HC Deb 02 March 1915 vol 70 cc661-70

Order for Second Reading read.

The PRIME MINISTER (Mr. Asquith)

I beg to move, "That the Bill be now read a second time."

In moving the Second Reading of this Bill, which I am sure will receive the universal assent of this House, I think it desirable to point out that in no sphere of our national life has the War produced a greater change than in our two ancient universities. I think that one or two figures will be interesting to the House in this connection. The total number of members from each university serving in the Army and at the front is approximately 6,000. The total number of undergraduates in residence at Cambridge a year ago was 3,181; it is now 1,227. The figures for Oxford are approximately the same, which means, in other words, that two-thirds of the undergraduates from the two great universities have volunteered for service, and are now serving their country in the Army.

When we consider the extent to which the flower of the youth of this country are being educated in those two universities, I think that it is a magnificent response on their part to the demand which the nation has made. I will give another figure, which, I think, will interest all university men. At Oxford, my own university, eighty-nine members of the staffs of the colleges are on active service. Out of the eighty-nine Blues, the flower of the athletic world in the year 1913–14, there are eighty on active service. Nearly all the physically fit undergraduates in residence both in Oxford and Cambridge have joined the Officers' Training Corps. Athletic pursuits in both universities are practically suspended. Many of the university buildings both in Oxford and Cambridge have been given up for military purposes. At Oxford the examination schools are used as a hospital, and officers are housed in Trinity, Balliol, Keble, Worcester, and Magdalen. Of the 1,900 Oxford undergraduates who are serving, about 500 are scholars and exhibitioners.

In Cambridge the Eastern General Hospital occupies the recreation grounds of Kings, Clare and Trinity. Trinity buildings are used for soldiers' quarters and Kings for nurses. Certain colleges in Cambridge are being utilised for Belgian and French refugees, who are being given free residence and tuition. The Vice-Chancellors of both universities have emphasised the serious spirit in which undergraduates have volunteered for active service, looking upon it as a duty for which they sacrifice, in many cases at great cost to themselves, their careers and their future, and not in any sense in the spirit of sport or adventure. The Vice-Chancellor of Oxford uses words which I would like to quote to the House:— Undergraduates serving in the Army are drawn from every class represented at this university. A large number of them are looking forward to careers in various professions, and to those a degree is necessary or highly desirable. They are the kind of men who hold most of the scholarships and exhibitions. Many of them have made very great sacrifices to join, and the spirit which animates them all, as far as I could observe—and I have had a very considerable opportunity of doing so—is patriotic in the best sense. There is hardly a sign of the light-hearted acceptance of war as a kind of sport. They seem to me to have definitely in view the seriousness of the times and the risks they run to themselves, and they are glad to run the risks at this present time. The Vice-Chancellor of Cambridge in a communication which I have received from him says:— The best of every class and type in Cambridge have joined the Army. The House will readily understand that this strange but most gratifying transformation in the whole aspect and conditions of university life has exposed both the universities as a whole and their constituent colleges to very great difficulties and pecuniary embarrassments. Some of the colleges—it is not the case with the universities, though people seem to think it is—are very well endowed. Others like my own, the college of Balliol, are inadequately endowed. As regards the bulk of them, they depend and must depend to a very large degree on fees which they receive from the undergraduates, and the same is the case with the universities. The result is that the universities as a whole and the colleges are in a state—I will not say that they are actually in a state, but they very soon will be in a state—of grave financial embarrassment, unless some legislative provision be made for their relief. And I wish to make it clear to the House that in the Bill which I am now asking it to read for the second time no appeal is made for public funds.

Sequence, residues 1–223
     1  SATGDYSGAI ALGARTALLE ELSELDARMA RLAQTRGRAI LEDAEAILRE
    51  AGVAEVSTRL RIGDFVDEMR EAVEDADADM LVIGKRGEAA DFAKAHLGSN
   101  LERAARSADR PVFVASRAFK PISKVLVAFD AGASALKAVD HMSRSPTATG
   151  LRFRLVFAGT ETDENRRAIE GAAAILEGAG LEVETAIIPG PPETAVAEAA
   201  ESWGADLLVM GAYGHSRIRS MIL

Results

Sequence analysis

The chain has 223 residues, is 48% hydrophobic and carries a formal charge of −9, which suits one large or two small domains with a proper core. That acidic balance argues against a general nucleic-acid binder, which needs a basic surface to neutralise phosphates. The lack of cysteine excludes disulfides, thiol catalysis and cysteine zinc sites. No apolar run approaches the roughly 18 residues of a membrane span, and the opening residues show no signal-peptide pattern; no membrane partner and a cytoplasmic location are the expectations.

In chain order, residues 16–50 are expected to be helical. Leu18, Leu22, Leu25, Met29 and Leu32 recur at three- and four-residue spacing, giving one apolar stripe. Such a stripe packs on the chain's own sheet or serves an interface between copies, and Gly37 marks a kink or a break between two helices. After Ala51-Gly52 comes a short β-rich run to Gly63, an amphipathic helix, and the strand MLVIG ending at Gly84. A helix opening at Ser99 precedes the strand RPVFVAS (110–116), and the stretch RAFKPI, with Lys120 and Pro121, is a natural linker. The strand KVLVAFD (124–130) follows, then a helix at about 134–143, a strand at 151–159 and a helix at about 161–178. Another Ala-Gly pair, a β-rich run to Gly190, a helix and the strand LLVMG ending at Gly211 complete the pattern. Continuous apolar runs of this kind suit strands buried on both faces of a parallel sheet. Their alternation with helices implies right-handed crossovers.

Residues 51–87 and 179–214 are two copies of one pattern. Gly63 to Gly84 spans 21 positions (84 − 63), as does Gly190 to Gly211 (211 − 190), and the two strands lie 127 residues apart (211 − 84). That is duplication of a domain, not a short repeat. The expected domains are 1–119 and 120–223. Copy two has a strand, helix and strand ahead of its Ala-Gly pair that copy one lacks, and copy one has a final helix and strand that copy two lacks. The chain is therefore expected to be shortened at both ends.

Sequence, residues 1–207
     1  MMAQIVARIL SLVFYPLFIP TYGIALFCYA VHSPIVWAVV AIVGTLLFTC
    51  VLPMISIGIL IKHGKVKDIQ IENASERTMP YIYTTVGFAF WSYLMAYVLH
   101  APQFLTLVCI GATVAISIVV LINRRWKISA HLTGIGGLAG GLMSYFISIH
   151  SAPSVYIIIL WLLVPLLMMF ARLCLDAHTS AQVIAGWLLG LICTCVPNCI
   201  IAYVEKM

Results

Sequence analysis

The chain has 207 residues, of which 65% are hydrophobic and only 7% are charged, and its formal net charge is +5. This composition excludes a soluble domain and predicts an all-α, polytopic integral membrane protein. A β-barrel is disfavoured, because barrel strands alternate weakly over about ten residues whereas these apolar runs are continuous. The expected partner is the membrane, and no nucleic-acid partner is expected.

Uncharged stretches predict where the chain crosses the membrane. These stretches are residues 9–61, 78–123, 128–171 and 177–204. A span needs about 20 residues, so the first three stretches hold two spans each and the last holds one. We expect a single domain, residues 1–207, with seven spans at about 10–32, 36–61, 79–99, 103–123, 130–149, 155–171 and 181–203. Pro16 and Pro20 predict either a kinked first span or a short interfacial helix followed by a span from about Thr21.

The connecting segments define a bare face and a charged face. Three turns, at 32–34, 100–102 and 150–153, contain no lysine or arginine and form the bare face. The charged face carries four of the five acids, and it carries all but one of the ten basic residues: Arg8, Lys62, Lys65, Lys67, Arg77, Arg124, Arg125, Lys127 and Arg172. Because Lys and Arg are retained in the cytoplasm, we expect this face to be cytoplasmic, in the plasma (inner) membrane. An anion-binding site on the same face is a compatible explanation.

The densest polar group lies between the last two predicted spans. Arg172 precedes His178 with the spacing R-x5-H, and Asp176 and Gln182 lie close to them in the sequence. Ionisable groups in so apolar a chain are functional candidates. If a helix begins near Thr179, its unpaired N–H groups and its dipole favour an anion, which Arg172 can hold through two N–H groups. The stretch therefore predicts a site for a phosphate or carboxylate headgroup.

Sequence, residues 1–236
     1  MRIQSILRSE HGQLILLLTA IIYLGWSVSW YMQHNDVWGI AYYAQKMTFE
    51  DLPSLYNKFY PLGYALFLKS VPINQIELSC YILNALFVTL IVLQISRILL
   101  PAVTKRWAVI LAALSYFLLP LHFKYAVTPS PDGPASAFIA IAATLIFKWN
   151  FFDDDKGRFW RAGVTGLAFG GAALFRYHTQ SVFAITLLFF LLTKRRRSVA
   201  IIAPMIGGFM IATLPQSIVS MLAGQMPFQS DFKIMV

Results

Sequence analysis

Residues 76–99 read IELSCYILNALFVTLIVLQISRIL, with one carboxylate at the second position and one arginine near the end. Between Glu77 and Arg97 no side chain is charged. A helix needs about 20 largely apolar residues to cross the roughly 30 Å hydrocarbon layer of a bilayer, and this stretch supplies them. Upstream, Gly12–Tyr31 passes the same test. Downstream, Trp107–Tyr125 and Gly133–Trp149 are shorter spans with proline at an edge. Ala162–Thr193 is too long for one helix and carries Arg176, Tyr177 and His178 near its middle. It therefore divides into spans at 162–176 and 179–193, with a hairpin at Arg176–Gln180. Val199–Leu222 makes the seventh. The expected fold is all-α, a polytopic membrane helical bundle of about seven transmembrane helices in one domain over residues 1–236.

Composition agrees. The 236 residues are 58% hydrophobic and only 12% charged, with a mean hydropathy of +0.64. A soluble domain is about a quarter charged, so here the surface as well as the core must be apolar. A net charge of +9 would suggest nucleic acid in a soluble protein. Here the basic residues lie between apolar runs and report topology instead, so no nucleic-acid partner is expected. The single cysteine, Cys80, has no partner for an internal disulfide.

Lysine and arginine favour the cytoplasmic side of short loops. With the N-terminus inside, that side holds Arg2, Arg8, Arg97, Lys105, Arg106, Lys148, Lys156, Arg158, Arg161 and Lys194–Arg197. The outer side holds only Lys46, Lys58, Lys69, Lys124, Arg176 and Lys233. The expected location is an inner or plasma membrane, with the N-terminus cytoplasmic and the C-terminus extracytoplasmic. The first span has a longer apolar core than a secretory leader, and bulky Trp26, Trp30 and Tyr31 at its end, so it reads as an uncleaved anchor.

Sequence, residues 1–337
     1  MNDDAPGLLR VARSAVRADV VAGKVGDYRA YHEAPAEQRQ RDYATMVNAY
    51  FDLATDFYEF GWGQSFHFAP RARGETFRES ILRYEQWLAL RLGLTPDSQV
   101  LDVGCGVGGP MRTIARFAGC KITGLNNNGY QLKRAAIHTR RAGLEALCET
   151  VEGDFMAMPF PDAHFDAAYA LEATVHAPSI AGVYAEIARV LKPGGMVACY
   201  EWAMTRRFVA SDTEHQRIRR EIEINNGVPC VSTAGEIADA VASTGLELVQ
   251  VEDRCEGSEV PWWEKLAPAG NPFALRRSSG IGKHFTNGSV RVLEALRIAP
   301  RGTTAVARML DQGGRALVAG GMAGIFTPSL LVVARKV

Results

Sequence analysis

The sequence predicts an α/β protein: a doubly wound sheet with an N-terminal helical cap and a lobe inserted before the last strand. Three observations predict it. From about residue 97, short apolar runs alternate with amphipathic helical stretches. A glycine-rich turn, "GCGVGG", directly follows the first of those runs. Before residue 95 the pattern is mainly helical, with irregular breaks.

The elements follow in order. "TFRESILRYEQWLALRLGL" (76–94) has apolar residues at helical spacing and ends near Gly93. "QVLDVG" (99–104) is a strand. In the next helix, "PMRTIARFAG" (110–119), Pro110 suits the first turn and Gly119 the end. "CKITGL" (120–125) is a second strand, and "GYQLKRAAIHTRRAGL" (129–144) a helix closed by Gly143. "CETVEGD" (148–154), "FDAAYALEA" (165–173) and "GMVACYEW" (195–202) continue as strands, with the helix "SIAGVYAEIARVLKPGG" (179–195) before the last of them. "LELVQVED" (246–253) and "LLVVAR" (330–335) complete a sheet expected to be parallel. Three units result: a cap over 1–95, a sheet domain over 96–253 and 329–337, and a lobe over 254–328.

We are asking nothing from the State or from any outside quarter. We are simply asking that legislative permission should be given to these universities and colleges to provide for grave and absolutely unforeseen emergencies by drawing on the future. Certainly the financial situation is very serious. I may give the House one or two figures which illustrate that proposition. Taking Oxford, in Christ Church the average number of undergraduates is 220. There are now fewer than fifty in residence. In Trinity and Oriel there are only twenty-one, and at Magdalen there are only thirty. In Cambridge one very distinguished and illustrious school dropped from 256 undergraduates this time last year to forty undergraduates at the present time. These are men who have all gone one way or another to serve their country in this War.

Take another asepct of the case. In Cambridge the fees normally payable in the scientific department of the university are £26,000 a year. It is estimated that this year less than £13,000 will be paid. Other fees which usually produce £35,000 this year the university authorities estimate for no more than £15,000. The House will, therefore, see that these grave, ancient and glorious foundations, owing to the alacrity with which both the teaching staff and the undergraduates have responded to the calls of the War, are involved in serious financial straits. As I have said, we do not propose to make any appeal to public funds, but we do ask the House in these conditions to grant the universities the powers that have been taken under this Bill, which, roughly and broadly speaking, enable them to draw on the future for the necessities of the present.